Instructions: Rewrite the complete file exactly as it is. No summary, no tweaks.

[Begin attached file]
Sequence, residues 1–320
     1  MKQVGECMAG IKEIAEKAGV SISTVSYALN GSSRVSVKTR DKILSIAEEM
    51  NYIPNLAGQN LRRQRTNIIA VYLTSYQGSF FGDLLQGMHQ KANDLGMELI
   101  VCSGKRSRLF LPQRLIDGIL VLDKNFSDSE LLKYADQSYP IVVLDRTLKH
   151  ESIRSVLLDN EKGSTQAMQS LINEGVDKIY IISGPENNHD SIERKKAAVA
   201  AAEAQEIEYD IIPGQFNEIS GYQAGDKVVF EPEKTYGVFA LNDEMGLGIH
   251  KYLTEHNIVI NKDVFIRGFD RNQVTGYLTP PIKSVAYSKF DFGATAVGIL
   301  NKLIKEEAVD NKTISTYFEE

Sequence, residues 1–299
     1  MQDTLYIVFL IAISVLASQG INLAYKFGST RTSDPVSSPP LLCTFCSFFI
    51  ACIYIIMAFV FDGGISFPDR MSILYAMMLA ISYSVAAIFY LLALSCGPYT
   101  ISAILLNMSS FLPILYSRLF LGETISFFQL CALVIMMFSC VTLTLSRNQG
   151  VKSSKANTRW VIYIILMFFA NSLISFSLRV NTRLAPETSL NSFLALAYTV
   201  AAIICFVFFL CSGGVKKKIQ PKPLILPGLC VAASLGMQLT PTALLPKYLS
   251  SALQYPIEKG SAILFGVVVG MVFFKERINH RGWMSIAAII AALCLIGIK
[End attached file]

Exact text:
Sequence, residues 1–320
     1  MKQVGECMAG IKEIAEKAGV SISTVSYALN GSSRVSVKTR DKILSIAEEM
    51  NYIPNLAGQN LRRQRTNIIA VYLTSYQGSF FGDLLQGMHQ KANDLGMELI
   101  VCSGKRSRLF LPQRLIDGIL VLDKNFSDSE LLKYADQSYP IVVLDRTLKH
   151  ESIRSVLLDN EKGSTQAMQS LINEGVDKIY IISGPENNHD SIERKKAAVA
   201  AAEAQEIEYD IIPGQFNEIS GYQAGDKVVF EPEKTYGVFA LNDEMGLGIH
   251  KYLTEHNIVI NKDVFIRGFD RNQVTGYLTP PIKSVAYSKF DFGATAVGIL
   301  NKLIKEEAVD NKTISTYFEE

Sequence, residues 1–299
     1  MQDTLYIVFL IAISVLASQG INLAYKFGST RTSDPVSSPP LLCTFCSFFI
    51  ACIYIIMAFV FDGGISFPDR MSILYAMMLA ISYSVAAIFY LLALSCGPYT
   101  ISAILLNMSS FLPILYSRLF LGETISFFQL CALVIMMFSC VTLTLSRNQG
   151  VKSSKANTRW VIYIILMFFA NSLISFSLRV NTRLAPETSL NSFLALAYTV
   201  AAIICFVFFL CSGGVKKKIQ PKPLILPGLC VAASLGMQLT PTALLPKYLS
   251  SALQYPIEKG SAILFGVVVG MVFFKERINH RGWMSIAAII AALCLIGIK